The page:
A plan to better address the spiritual needs of Asians and Pacific Islanders in Chicago’s Roman Catholic community needs more analysis and planning before it can be implemented throughout the Catholic Archdiocese of Chicago.
The Office for Asian Catholics is readying a demographic study of predominantly Asian parishes and their members. The main part of the study is expected to begin in October.
“The results and data are going to help the parishes to minister more effectively to Asians in the archdiocese,” the office’s director, Teresita Nuval, said.
Over the past weekend, about 200 young Asian Catholics met at Loyola University Chicago to discuss the specific needs of Asian and Pacific Islanders to provide better service to them within the Catholic church.
Language and cultural differences are among the challenges Asian Catholics face, said Eva J. Diaz, coordinator for intercultural ministries at the Archdiocese of Milwaukee, on Friday at the conference.
“Some of the needs are very similar to what they would have been for European Catholics a century ago,” Diaz said. “But even for Asian Catholics who have been here for generations, it’s a different spirituality; it’s a different world view for Asian Catholics.”
One of the goals for the meeting was to arrive at a set of guidelines for ministers to follow when addressing Asian and Pacific congregation members. Nuval said the actions planned there now have to be implemented.
“I think it is a solid effort, a very good beginning. I think we are just scratching the surface. There are so many things we need to know,” Nuval said Friday before the beginning of the conference. “We found out that most of the concerns relate to being Asian and being American at the same time.”
People of Asian descent represent 4.4 percent of faithful in the Catholic Archdiocese of Chicago, 2008 figures show. That makes them a much smaller ethnic group than Hispanics, who make up more than 40 percent of the archdiocese’s members. However, Asian and Pacific Islanders are expected to grow in numbers in the coming years.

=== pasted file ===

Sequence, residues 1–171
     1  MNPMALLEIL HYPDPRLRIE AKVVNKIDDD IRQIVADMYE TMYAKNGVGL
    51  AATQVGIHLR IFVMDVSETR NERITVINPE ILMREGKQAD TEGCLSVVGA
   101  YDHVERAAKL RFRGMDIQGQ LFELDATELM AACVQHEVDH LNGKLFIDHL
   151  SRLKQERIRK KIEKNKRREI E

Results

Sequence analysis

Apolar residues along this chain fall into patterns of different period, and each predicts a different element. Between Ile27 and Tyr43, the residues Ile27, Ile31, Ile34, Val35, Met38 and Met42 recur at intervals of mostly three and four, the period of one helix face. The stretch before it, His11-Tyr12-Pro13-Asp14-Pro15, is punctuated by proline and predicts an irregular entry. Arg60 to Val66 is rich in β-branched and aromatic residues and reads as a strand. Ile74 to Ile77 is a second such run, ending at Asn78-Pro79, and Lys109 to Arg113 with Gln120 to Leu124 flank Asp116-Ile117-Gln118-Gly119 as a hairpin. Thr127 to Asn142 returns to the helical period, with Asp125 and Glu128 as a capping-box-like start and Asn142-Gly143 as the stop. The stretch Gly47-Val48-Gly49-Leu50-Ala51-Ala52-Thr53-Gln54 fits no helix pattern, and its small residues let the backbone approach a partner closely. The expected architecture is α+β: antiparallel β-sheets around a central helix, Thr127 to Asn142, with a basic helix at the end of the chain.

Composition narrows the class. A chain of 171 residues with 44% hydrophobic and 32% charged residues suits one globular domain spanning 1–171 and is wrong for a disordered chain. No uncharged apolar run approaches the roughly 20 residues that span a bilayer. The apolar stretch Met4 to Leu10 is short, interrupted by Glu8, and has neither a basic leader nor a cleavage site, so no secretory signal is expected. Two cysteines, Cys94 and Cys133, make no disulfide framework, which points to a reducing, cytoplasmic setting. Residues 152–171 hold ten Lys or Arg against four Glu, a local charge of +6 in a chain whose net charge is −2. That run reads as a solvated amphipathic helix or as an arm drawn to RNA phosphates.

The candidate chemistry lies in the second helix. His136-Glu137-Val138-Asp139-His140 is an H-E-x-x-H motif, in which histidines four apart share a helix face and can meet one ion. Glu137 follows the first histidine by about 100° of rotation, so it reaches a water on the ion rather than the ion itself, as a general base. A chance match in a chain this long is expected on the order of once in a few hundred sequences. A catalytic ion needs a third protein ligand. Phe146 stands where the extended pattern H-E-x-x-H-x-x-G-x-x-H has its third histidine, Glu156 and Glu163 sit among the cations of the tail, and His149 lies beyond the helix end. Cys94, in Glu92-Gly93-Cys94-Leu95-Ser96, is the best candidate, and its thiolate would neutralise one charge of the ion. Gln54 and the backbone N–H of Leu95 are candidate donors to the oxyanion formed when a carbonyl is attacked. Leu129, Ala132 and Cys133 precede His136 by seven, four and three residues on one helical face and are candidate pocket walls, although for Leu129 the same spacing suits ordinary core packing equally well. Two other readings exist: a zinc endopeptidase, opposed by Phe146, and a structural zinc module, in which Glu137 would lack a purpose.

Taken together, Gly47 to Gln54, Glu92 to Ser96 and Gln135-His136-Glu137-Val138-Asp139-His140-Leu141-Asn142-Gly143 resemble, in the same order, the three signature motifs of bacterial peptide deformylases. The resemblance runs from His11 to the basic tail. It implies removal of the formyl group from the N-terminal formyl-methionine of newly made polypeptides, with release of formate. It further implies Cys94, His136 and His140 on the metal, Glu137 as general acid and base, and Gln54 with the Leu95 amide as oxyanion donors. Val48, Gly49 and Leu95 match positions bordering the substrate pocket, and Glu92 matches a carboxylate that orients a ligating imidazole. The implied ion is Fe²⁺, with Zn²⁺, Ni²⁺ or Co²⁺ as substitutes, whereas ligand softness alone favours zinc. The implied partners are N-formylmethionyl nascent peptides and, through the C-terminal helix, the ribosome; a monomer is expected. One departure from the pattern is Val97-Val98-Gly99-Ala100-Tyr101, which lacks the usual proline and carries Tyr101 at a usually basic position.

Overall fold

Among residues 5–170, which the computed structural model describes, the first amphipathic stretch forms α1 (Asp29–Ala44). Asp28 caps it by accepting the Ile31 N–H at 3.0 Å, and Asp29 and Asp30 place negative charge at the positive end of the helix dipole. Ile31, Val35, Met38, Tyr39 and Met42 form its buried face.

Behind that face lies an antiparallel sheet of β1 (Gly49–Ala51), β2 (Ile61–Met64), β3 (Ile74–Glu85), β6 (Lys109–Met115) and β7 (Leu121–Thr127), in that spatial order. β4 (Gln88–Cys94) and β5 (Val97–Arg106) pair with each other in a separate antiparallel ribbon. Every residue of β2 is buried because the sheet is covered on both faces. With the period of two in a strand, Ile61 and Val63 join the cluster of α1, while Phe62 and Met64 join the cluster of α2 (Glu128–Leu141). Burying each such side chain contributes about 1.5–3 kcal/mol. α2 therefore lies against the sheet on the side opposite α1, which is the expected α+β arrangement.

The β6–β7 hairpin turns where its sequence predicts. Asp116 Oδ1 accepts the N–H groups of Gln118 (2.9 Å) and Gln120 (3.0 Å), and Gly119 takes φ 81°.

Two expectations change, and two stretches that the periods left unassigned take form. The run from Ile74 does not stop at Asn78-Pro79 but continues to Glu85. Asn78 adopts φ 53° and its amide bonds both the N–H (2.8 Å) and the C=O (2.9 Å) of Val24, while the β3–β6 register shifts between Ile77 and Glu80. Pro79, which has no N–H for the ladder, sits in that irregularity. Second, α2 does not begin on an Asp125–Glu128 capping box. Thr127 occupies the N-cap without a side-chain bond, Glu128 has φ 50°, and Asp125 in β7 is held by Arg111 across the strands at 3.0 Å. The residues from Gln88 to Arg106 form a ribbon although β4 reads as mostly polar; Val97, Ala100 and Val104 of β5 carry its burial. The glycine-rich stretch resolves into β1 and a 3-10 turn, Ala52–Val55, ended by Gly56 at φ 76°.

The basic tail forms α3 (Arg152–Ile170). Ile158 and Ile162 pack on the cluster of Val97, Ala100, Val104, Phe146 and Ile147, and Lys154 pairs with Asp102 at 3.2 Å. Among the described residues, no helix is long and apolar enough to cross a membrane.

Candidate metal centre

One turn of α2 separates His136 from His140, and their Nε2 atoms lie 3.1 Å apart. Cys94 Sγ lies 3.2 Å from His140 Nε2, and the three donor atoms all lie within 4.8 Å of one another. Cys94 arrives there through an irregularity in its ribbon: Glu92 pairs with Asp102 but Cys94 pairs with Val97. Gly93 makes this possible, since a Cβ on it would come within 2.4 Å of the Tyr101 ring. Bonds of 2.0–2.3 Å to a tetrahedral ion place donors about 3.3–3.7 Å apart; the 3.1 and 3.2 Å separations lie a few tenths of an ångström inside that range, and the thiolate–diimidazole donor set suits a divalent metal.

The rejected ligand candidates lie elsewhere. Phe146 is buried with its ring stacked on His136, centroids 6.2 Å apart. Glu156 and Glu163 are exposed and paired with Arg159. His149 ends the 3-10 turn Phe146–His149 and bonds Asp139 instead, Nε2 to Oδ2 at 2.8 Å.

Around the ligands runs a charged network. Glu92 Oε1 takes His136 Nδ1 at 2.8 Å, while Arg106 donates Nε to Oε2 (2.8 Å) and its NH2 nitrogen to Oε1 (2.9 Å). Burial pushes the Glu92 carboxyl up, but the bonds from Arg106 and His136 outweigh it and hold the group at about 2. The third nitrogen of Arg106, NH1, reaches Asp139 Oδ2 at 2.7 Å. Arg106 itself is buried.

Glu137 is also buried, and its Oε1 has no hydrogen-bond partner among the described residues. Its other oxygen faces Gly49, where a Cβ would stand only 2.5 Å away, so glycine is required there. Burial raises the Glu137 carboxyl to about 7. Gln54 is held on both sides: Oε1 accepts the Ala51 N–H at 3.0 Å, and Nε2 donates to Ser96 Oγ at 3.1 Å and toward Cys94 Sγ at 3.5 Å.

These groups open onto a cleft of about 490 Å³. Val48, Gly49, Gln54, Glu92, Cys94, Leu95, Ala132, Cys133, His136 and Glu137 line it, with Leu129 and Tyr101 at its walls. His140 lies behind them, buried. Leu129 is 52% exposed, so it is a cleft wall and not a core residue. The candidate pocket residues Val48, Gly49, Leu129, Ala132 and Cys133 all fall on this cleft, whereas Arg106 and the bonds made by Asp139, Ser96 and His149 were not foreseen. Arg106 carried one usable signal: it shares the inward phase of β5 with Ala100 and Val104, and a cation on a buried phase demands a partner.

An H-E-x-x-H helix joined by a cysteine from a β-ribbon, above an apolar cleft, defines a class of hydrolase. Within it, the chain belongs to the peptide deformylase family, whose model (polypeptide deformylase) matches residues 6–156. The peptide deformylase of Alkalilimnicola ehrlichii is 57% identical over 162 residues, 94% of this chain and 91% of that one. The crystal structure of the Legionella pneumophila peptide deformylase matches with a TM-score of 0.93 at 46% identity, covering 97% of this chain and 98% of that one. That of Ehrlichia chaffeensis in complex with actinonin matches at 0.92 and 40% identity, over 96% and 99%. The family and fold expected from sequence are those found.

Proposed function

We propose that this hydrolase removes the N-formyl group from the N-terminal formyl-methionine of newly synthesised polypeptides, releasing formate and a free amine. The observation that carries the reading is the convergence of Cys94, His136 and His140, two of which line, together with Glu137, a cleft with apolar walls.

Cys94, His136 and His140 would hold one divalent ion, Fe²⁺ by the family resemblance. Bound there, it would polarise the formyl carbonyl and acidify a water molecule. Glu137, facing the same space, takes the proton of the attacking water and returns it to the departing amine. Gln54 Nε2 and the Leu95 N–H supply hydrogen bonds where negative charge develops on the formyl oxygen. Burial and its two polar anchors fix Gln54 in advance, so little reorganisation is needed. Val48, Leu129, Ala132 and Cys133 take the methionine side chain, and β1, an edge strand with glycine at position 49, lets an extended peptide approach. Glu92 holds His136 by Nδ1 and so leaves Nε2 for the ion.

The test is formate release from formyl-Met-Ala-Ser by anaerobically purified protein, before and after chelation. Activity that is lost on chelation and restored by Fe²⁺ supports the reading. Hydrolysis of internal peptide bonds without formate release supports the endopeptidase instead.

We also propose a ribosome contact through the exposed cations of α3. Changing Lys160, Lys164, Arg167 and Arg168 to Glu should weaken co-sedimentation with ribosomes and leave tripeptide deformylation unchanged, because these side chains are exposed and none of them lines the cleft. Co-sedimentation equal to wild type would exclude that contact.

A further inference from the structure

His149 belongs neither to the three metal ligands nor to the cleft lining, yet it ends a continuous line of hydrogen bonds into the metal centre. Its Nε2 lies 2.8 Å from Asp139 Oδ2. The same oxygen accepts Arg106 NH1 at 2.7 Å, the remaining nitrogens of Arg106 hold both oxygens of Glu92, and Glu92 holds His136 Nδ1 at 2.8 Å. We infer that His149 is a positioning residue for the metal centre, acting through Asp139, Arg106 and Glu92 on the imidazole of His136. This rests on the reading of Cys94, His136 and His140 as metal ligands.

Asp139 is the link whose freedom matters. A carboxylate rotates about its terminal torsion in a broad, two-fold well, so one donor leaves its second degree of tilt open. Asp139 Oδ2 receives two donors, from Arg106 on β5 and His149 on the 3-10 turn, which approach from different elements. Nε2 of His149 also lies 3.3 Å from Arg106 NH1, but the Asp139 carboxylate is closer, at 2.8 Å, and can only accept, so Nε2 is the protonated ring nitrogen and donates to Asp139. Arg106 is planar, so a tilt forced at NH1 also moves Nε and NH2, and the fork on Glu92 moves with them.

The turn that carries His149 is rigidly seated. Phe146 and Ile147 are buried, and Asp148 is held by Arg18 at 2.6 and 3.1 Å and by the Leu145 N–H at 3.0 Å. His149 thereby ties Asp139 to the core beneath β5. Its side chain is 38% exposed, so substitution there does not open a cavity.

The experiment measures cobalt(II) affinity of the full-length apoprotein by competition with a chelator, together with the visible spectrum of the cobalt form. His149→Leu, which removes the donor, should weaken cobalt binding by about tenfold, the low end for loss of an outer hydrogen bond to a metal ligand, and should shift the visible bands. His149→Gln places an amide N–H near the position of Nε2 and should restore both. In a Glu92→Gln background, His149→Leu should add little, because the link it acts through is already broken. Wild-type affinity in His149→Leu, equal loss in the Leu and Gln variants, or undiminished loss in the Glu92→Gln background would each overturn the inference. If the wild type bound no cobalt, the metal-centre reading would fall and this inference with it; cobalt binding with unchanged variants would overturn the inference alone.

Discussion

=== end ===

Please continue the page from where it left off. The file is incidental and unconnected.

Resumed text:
Next to being a comparably small group, another challenge for the Asian Catholic community stems from its diversity. Paul Evangelista, youth minister at Our Lady of Mercy church in Albany Park, said that compared with Hispanic Catholics, Asian and Pacific Islanders were a less homogenous group.
“We have very different languages and backgrounds,” he said in a phone interview Wednesday. “That is going to be a challenge.”
“There are a lot of different organizations, but they do not necessarily collaborate. The conference helped link those organizations together,” said Evangelista, who also attended the conference.
The planned study will focus on the 70 to 80 parishes with strong Asian membership, Nuval said Wednesday, but information on the survey has been sent out to all parishes in the archdiocese. The North Side of the city, she said, has the most numerous Asian Catholics in Chicago.
An important aspect, Nuval said, is to meet “with the communities to make them feel they are going to own this, this is their study.”
The information gathered will be used to help adjust programs and ministry services to the needs of Asian and Pacific Islanders. “The more pastors get educated in how to write programs like this [for the Asian Catholic community], the better,” Evangelista said.
By Jessica Binsch. This article was written for Medill Reports – Methods.